J.D. Koftinoff Software, ltd.
My family is descended from the Doukhobors, A Russian Christian group of people that were persecuted in Russia since the 1600's for refusing to disobey the Commandment 'Thou Shalt Not Kill'
Excerpt from the Grand Forks Hotel & Restaurant menu, written by Sue Thomson:
Considering the history and ideology of Doukhobors, the Society confirms that the mental image of thought and action is clarified by the desire to acquire Supreme Blessings in brotherhood, equality and love according to the teachings of Jesus Christ and by the following principles:
The Society shall initiate and foster activities of the membership which will promote brotherhood, universal peace and the spiritual growth of its members.Membership in the Society
All people, including groups and organizations, who respect Doukhobor ideals and principles as stated in this statute, may join and become members, while retaining their present affiliations.
Expenses of the Society shall be paid from the treasury of the Society which is recognized as a Charitable Organization.
All problems to resolved by a majority vote.
The officials of the Society shall be elected at the annual general meeting for a minimum period of two years, with half elected every year for continuity of direction.
Every member bears full responsibility for his or her personal conduct and observance of Doukhobor principles. The Society as a whole does not accept any reponsibility for the personal conduct of the members.
All charity work is the reponsibility of members in each locality. It is desirable to increase charity to the utmost. Collected sums whould be forwarded to destination by local representatives or reponsible persons in the locality. Reports of such activities must be sent to the Central Committee for their record.
Striving to fulfil the Commandment "THOU SHALT NOT KILL" and considering it our duty to do our utmost in preventing bloodshed -- the Society finds it necessary to maintain contact with other pacifistic and anti-militaristic groups and organizations and to increase our struggle for disarmament and peace, according to the Doukhobor principles.
Considering the history of Doukhobors, we affirm that we believe Jesus Christ, Son of God, is our only Spritual Leader.
Be Devout. Trust in God. Love Him with all your heart. Be fervent to His holy church. Honour and keep faithfully His Commandments. Follow the virtuous; avoid vice. Be reasonable. Look to the consequence, then consider your means. Do not bypass the opportunity for doing good deeds. Do not undertake anything without deliberating, and do not hurry your deliberation; do not be too hesitant, only if the occasion demands. Do not believe every rumour; do not desire all that you see; do not attempt doing all that you are able, but only that which is necessary. What you do not know, do not affirm nor deny, inquire into the matter and you will be wise.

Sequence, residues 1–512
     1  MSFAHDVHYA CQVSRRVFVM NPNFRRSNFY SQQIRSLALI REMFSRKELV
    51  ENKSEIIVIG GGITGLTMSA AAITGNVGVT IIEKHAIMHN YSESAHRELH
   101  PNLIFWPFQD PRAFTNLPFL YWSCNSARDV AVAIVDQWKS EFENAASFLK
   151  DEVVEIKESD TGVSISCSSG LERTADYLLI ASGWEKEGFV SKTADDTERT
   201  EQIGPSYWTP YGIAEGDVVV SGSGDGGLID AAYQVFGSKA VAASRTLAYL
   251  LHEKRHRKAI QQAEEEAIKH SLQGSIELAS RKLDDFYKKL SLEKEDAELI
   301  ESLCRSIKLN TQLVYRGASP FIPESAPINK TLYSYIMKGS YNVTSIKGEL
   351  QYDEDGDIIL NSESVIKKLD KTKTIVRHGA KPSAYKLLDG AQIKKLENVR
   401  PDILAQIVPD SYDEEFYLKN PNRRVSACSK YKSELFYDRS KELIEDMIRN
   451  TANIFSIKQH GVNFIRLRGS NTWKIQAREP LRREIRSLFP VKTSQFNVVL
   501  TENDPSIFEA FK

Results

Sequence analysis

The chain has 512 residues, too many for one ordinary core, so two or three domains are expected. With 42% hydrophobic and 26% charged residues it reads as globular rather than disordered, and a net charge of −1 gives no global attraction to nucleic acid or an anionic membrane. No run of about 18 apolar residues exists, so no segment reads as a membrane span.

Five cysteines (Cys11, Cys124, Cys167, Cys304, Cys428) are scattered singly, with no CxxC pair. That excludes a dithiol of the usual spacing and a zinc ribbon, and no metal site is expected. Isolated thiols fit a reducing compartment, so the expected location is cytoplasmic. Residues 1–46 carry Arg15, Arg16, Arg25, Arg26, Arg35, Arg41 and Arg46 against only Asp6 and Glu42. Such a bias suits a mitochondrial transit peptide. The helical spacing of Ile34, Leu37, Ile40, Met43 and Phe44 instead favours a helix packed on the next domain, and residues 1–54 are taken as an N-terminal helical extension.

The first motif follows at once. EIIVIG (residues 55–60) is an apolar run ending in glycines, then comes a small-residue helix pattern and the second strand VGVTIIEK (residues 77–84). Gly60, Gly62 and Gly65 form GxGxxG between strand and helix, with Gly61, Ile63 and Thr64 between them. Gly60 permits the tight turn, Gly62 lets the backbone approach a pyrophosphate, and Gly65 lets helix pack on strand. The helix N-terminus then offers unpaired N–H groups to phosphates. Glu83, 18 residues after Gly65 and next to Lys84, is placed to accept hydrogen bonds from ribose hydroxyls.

Be moderate; do not eat without hunger; without thirst do not drink, and then only according to the need; avoid drunkenness as you would hell. From intemperance is born sickness; from sickness -- death. The abstemious live healthy, long, and well. Be humble, not arrongant; tend to be more reticent than talkative. When spoken to be silent; when being addressed -- listen carefully. When someone asks you to do something, oblige him, and do not boast. Do not be quarrelsome and proud. To all be friendly, to none be a flatterer. Also be honest, do not crave that which does not belong to you; especially do not steal. That which you need, acquire through labour. In poverty, ask for help; accept it if it is given and be grateful. What you have borrowed -- return.; keep your promise. Leave idleness to the lazy. If you wish to undertake something, first assess your abilities, then proceed without hesitation. In misfortune, do not lose courage, and in time of good fortune do not be arrogant. Respect poverty. Be cautious in different situations; sorrow is frequent. Where the patient endure, the faint-hearted weep and wail.
Be kindhearted and benevolent. If you can, give to those who are in need, help the poor. Forgive those who offend you; if you have offended someone -- make peace with him. It is commendable not to hold a grudge. Forgive the sinner, yield to the pleading. Respect the elders, be sociable to your equal, courteous to the poor; greet those whom you meet, return the greeting to those who greet you. Reply to the inquirer; instruct the ignorant; comfort the sorrowing. Do not envy anyone. Wish well to all. Serve all to the best of your ability, and you will gratify all people of good will. Friends will love you, and your adversaries cannot hate you. Always tell the truth; do not lie. All this observe and you shall be fortunate.
WHERE THERE IS LOVE, THERE IS GOD
ALL PEOPLE ARE CHILDREN OF GOD -- ALL PEOPLE ARE BROTHERS AND SISTERS